Getting a handle on the evolutionary processes of cancer

The methodologies that we use to study cancer are ever changing. In recent years researchers have aligned pathological evidences alongside classical evolutionary theory and with this comes both opportunities and challenges. Here I discuss a practical challenge that underlies our recent paper "The evolutionary landscape of colorectal tumorigenesis", which was how to acquire and process samples from pre-malignant lesions. I also note a particularly surprising result, which could only have been gleaned through an evolutionary directed analysis on the resulting data.

The paper in Nature Ecology & Evolution is here:

In response to the massive decline in sequencing costs, the tried and tested single-biopsy, few-loci experimental strategy has recently yielded to “multi-biopsy sampling” and next generation sequencing. It seems to me that 21st century cancer genetics is now very much about casting the experimental net wide and using mathematical modelling to reveal novel evolutionary information. Measuring intra-tumour heterogeneity is particularly key since it permits phylogenetics and other analyses to be employed with the potential to discover how precisely cancers develop.

Sampling tumours spatially is essential to perform evolutionary analyses. Micro-dissecting small lesions, such as adenomas, presents an extra challenge. 

Colorectal cancer is a well studied malignancy and a special interest to myself and our group. It is true that many of the common genetic features (so-called "driver mutations") are actually already known, but then again, many challenging questions remain unanswered. For example, what is the precise relationship between genotypes and cancer phenotypes? This is to suggest that we simply don't know which of the key mutations are responsible for the transformation of benign tissues to cancers.

The motivations for this study were therefore clear: we wanted to improve the understanding of colon cancer genetics and in particular how adenomas (which are benign precursor lesions) evolve to become cancers. However, in order to do this we needed to overcome certain practical problems. Adenomas, you see, are common and routinely removed during endoscope procedures in the clinic. However, to acquire fresh frozen samples (and therefore high quality sequence data) a special process needed to be in place to secure specimens as they were removed. Furthermore, as I have mentioned above, multi-region sampling was also necessary to allow evolutionary inferences, but adenomas are usually small and hard to micro-dissect. The pathologist handling each patient also requires enough material be to set aside to perform his or her diagnostic work, which means we can not ever have free reign of the scalpel.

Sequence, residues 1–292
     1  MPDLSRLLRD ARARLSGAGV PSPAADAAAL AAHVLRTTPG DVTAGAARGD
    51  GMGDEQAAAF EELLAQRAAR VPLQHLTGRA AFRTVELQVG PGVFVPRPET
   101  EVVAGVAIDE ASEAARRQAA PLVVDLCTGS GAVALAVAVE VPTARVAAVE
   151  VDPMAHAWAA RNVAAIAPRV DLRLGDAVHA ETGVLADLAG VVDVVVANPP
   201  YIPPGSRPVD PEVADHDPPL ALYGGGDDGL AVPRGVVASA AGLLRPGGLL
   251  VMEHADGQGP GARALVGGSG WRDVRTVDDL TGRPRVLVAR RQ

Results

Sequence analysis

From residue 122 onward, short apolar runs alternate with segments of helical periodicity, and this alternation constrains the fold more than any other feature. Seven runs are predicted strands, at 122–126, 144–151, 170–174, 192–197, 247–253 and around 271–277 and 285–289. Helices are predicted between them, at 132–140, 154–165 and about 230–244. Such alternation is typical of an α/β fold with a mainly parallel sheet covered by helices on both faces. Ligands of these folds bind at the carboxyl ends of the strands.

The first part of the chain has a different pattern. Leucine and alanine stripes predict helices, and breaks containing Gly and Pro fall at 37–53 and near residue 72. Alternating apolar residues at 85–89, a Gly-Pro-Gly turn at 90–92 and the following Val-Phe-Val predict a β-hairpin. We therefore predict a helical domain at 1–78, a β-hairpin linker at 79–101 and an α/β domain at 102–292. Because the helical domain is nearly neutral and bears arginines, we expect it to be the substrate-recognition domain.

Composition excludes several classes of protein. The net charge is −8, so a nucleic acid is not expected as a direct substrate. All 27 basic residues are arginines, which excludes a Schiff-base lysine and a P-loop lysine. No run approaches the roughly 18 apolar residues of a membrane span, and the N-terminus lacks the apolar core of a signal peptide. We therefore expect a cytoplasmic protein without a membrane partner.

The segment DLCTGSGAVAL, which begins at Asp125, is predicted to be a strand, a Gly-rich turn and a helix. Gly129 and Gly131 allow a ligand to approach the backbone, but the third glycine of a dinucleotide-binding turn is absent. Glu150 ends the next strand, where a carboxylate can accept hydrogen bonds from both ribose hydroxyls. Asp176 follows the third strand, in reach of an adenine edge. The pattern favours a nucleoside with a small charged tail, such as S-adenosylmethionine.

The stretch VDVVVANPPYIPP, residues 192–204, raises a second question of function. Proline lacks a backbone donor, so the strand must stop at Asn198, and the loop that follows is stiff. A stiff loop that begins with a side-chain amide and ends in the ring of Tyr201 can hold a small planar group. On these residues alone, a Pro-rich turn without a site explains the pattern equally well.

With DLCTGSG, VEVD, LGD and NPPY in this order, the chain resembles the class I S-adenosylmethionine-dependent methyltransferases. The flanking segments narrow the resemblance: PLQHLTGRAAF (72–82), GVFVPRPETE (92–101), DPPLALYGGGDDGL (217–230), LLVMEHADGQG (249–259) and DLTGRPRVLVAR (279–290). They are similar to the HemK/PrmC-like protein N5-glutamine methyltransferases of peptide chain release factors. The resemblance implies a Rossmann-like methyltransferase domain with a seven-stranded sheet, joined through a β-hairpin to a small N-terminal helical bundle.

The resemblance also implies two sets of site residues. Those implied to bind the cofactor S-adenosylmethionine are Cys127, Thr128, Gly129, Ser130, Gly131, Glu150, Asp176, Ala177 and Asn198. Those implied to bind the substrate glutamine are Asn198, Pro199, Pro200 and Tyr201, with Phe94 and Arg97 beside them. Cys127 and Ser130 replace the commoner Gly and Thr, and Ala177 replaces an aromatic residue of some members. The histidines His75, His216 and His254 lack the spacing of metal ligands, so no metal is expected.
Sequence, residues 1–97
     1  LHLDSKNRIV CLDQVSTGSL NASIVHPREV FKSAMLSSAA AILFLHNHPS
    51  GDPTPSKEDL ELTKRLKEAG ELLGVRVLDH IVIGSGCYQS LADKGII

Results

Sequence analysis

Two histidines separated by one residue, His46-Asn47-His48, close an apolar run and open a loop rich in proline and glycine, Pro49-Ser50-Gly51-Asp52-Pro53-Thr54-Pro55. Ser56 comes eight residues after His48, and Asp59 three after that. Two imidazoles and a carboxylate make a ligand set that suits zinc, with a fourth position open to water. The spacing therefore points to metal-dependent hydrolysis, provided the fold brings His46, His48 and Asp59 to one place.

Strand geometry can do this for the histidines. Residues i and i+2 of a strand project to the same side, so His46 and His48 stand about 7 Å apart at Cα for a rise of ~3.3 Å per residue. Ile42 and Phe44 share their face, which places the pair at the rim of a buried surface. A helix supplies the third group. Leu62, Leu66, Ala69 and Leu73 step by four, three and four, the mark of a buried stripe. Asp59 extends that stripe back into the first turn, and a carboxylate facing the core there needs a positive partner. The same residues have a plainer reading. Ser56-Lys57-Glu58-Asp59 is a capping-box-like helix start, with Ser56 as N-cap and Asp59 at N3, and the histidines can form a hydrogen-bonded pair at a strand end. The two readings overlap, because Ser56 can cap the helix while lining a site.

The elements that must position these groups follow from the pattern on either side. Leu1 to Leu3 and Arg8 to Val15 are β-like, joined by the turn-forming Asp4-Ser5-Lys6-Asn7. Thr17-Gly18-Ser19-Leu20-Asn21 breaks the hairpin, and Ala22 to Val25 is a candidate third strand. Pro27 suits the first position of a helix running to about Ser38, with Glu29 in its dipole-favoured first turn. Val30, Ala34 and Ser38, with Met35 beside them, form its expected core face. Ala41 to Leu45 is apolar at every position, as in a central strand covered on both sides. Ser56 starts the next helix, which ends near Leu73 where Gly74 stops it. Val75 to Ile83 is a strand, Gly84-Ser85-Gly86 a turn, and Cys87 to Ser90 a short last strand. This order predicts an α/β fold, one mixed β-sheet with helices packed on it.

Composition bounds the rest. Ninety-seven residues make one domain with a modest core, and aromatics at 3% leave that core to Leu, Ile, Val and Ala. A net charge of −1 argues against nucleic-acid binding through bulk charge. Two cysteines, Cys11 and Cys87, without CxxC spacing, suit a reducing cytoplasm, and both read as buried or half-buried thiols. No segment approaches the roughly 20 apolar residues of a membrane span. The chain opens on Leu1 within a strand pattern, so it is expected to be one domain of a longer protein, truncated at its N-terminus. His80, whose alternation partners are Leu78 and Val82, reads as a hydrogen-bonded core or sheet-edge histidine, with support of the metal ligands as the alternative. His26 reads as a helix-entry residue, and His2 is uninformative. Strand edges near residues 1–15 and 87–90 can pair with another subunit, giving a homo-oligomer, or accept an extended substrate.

How did we overcome these hurdles? Among the authors are several gastroenterologists and through them we were able to acquire the correct ethics and specially arrange collections from John Radcliffe Hospital. To physically sample the adenomas, it turned our, we simply needed patience and the willing to coordinate with the on-duty pathologist. And of course a steady hand.

The most surprising finding of this study came as we build phylogenetic trees from the adenoma sequencing data. In at least three of the nine lesions sampled we found that key driver mutations coexisted across the tissues (see manuscript figure 2 and the figure below), meaning that they could not have been acquired sequentially or as selective sweeps in the way that has almost universally been assumed. Notably in one adenoma, for which we had four biopsies, one biopsy had a mutation in the KRAS gene while the other three had mutations in TP53, which is a gene commonly attributed to cancers (though this lesion was verified by two pathologists to be actually an adenoma). Cancers, by contrast, always seem to have the same driver mutations present in all biopsies. 

Two models of carcinogenesis: our data suggests that not all cancers follow the classical selective sweep model

If we put the evidence together we see that the evolutionary path from normal tissue to adenoma and then cancer must be more akin to clonal competition resulting in a single sweep rather than several rounds of selective sweeps as previously assumed: colorectal cancer, it seems, is not always a driver mutation relay race, but a boxing match.

Although the classical model of colorectal cancer may remain true in some cases, in the light of evolutionary analyses it certainly seems that we need to rethink certain aspects of it.

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